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Are $100,000 cancer drugs unethical?
A coalition of cancer researchers have had it with Big Pharma's expensive mark-ups
Pharmaceutical companies say expensive drugs help pay for valuable research.
Pharmaceutical companies say expensive drugs help pay for valuable research. Britta Pedersen/dpa/Corbis
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ife-saving cancer drugs help earn large pharmaceutical companies like Novartis billions of dollars annually — and doctors say enough is enough.

In a new study published online in the American Society of Hermatology's medical journal Blood, 120 cancer researchers are fighting back, claiming that Big Pharma's premium on cancer-fighting drugs are unsustainable, expensive, and unambiguously unethical.

"As physicians, we follow the Hippocratic Oath of "Primum non nocer", first (or above all) do no harm," they write [PDF]. "We believe the unsustainable drug prices in CML [chronic myeloid leukemia] and cancer may be causing harm to patients."

Take Gleevec, for example, which CNN Money reports is widely heralded as a "miracle pill." Since 2001, it's been shown to dramatically increase a patient's chances of surviving CML, transforming it "from a lethal disease to one that is usually chronic but manageable." It's akin to taking daily medication for diabetes, and cost $30,000 a year when it first hit the market — which is pretty expensive as is.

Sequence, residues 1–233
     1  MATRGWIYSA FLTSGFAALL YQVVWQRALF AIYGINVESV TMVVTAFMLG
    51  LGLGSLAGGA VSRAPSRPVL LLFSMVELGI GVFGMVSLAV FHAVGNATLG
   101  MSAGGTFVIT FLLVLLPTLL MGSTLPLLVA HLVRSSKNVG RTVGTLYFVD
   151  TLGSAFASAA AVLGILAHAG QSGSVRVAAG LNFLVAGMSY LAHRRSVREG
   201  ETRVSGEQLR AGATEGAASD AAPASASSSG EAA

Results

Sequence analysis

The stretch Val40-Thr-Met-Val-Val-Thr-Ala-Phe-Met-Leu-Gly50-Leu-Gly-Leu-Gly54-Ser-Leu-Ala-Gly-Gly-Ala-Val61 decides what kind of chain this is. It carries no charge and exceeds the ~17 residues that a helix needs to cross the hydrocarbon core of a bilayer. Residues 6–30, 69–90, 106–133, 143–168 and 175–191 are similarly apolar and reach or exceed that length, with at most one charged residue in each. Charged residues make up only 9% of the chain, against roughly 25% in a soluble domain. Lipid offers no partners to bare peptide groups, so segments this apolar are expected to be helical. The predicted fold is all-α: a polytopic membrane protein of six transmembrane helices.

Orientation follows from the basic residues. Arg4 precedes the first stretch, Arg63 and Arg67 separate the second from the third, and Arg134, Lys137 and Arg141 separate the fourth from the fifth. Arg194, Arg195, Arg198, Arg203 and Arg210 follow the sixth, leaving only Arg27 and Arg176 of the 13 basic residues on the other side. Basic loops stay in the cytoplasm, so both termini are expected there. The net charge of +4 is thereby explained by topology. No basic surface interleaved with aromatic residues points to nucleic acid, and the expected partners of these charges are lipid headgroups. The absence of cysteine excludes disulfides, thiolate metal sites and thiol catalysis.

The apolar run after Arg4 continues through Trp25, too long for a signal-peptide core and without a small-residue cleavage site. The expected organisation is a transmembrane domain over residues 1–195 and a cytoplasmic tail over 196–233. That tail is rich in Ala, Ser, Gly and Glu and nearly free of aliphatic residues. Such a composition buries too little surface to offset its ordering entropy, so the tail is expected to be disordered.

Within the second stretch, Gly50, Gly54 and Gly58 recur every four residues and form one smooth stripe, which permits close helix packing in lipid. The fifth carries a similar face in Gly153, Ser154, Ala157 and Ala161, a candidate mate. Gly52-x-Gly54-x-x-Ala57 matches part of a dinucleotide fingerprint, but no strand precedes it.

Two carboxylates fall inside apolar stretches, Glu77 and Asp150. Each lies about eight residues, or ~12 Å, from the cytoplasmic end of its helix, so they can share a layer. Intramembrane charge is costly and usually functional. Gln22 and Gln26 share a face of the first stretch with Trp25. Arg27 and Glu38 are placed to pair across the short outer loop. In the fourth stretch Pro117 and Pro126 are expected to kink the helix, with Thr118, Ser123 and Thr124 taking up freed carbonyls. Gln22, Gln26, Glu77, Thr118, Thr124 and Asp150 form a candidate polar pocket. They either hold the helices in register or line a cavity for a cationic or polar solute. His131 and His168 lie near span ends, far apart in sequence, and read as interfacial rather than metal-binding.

Then the price skyrocketed:

"We agree with those who say the price we have set for Gleevec is high. But given all the factors, we believe it is a fair price," Daniel Vasella, Novartis' CEO at the time, wrote in Magic Cancer Bullet, a 2003 book he penned about his company's wonder drug.

That "fair price" nearly tripled over the past decade. An annual course of Gleevec now wholesales for more than $76,000 in the U.S., according to Novartis. The retail price that patients or their insurers pay is typically much higher. [CNN Money]

How much higher? Analysts say it now costs around $100,000 a year to gain access to this life-saving drug.

"If you are making $3 billion a year on Gleevec, could you get by with $2 billion?” Dr. Brian Druker, director of the Knight Cancer Institute at Oregon Health and Science University, tells the New York Times. "When do you cross the line from essential profits to profiteering?"

In 2012, Gleevec earned Novartis $4.7 billion — easily the company's best-selling drug ever. Big Pharma argues that high prices are necessary to fund the cost of research, development, manufacturing, and more. But a recent TIME cover story (subscription required) shows the toll that such logic has taken on the health care system, with a hard look at the exorbitant cost of medical bills. In addition to bankrupting families and sending them into debt, medical expenses now account for an estimated 20 percent of the United States' GDP — $2.8 trillion for 2013.

"I am sure I am going to be blackballed," says Dr. Hagop Kantarjian, the Blood study's lead author and chairman of the leukemia department at the University of Texas' MD Anderson Cancer Center. "My research career will be hurt… [But] pharmaceutical companies have lost their moral sense."

Chris Gayomali is the science and technology editor for TheWeek.com. Sometimes he writes about other stuff. His work has also appeared in TIME, Men's JournalEsquire, and The Atlantic.

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